“It’s good to see that the White House is upset as well. Spokesman Rick Weiss told Science “The [Obama] Administration counts on the National Science Board to provide the fairest and most complete reporting of the facts they track.” It’s clear that the 2010 Science and Engineering Indicators don’t live up to that standard. The administration will name 10 new members of the 25-member board in May. Lanzerotti’s 6-year term will expire then, while Bruer’s will end in 2012, after the next Indicators report has been issued.”
    Leftovers from the previous anti-science administration.
    They let it go to official review and then censored it afterward so noone could overrule them.
    They should resign now.

  15. GM

    13. Beth SR Says:
    April 9th, 2010 at 12:18 pm
    I, too, am disappointed that the NSF removed the sections about evolution and the Big Bang in its recent report. I am also, however, disappointed in the comments people have written here.
    Several commenters’ posts denigrate religion (I interpret their comments as referring to all religions). This is completely unnecessary for intelligent discussion of scientific illiteracy; furthermore, I believe this type of attitude discourages religious people from becoming involved in science education and advocacy.

    It is quite necessary actually. Even the softest kind of religion spits in the face if the very core principles of science (i.e. thou shall not willingly full yourself into believing stuff that isn’t true)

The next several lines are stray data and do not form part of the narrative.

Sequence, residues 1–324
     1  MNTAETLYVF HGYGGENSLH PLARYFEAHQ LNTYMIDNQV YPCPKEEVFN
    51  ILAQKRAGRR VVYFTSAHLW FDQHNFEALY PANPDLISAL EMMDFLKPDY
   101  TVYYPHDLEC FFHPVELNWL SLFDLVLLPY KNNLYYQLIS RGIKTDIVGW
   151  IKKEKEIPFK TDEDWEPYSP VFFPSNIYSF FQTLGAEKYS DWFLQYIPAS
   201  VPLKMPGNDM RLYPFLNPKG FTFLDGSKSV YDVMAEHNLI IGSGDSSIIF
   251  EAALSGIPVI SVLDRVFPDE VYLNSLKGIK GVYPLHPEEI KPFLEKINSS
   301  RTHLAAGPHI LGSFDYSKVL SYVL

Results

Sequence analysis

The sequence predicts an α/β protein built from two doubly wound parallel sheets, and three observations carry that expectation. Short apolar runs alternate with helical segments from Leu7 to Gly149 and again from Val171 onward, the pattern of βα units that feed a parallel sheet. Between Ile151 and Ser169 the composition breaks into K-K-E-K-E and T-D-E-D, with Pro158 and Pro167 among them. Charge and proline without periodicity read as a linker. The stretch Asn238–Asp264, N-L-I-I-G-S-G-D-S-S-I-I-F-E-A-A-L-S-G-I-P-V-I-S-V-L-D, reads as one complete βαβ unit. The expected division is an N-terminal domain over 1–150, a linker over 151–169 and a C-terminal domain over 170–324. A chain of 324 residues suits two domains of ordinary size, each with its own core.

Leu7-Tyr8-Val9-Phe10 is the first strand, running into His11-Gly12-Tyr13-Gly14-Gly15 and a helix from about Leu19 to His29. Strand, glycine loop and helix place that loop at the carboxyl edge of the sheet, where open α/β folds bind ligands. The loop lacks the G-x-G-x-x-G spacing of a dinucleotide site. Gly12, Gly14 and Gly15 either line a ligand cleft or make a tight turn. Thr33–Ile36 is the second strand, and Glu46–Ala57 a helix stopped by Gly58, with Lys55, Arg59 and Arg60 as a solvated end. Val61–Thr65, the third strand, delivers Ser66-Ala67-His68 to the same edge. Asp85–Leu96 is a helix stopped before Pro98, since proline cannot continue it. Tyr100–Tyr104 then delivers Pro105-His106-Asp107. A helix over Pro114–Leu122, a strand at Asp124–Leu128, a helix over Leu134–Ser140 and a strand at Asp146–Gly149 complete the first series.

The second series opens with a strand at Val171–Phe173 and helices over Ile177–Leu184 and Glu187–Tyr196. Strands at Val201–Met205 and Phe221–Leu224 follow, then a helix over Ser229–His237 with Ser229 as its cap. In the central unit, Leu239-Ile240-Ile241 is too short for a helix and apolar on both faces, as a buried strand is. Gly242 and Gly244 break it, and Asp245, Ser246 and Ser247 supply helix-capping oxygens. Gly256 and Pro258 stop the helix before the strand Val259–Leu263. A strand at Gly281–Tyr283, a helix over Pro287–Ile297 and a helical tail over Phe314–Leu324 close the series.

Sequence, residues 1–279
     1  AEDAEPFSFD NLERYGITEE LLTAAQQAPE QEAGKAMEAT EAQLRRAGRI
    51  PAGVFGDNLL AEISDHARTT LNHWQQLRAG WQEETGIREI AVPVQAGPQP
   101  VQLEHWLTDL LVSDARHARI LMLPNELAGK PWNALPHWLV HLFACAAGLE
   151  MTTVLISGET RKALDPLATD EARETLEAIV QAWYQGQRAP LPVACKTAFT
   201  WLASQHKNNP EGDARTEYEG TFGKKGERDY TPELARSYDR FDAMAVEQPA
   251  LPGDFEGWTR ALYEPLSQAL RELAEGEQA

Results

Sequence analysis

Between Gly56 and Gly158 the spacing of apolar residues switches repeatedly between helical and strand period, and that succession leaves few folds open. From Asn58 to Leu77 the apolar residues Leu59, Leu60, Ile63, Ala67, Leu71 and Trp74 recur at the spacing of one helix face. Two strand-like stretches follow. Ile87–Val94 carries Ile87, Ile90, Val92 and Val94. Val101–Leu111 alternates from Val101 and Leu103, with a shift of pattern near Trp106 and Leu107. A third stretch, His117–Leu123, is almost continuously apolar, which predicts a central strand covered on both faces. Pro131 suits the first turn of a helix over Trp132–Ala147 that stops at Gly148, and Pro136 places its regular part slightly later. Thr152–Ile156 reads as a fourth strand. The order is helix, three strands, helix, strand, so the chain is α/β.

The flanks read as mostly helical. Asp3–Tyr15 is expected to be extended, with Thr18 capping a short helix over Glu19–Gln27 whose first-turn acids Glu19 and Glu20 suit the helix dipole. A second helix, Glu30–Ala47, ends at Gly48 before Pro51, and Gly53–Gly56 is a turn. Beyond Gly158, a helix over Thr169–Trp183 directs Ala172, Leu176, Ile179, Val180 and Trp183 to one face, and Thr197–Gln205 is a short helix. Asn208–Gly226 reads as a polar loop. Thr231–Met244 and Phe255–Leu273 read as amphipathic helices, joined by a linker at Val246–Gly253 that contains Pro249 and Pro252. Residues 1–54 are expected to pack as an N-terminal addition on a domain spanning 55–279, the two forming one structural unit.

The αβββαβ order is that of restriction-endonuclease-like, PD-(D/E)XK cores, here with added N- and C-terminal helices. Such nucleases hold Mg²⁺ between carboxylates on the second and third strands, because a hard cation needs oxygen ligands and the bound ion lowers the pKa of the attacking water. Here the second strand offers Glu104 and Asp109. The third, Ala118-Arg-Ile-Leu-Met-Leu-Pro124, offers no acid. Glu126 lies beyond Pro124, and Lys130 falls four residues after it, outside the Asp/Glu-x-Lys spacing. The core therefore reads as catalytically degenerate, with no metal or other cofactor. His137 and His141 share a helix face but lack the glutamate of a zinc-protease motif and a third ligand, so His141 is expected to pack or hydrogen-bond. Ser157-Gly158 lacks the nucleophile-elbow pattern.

As an observant Jew, I am offended by the discriminatory attitudes that many scientists and science advocates hold regarding religion – namely, that religion is inconsistent with science.

    Probably because it is not consistent with science, and scientists know what is and what isn’t consistent with science a little better than the laymen.

    I offer myself as an example of the many Americans who both believe in G-d and accept the reality of evolution and the Big Bang. Moreover, almost everyone in the synagogue I attend accepts them.

    Please understand that we believers in G-d are not the morons that many science advocates seem to think we are; we’re no different from you, except that we believe in a Higher Power. This Higher Power does not necessarily command us to close our eyes and ignore scientifically-proven facts.

    What you fail to understand is that science isn’t the “reality of evolution” or the “Big Bang”. Science is a set of epistemological rules for discovering truths about the world around us, and the things you list are things that we have discovered following those rules. You either follow the rules or you don’t, and you better follow them because they are the only reliable way we are aware of of understanding the world. So it happens that religion is both antithetical to these rules and the answers it gives to questions about pretty much everything range from merely wrong through totally retarded to extremely dangerous nonsense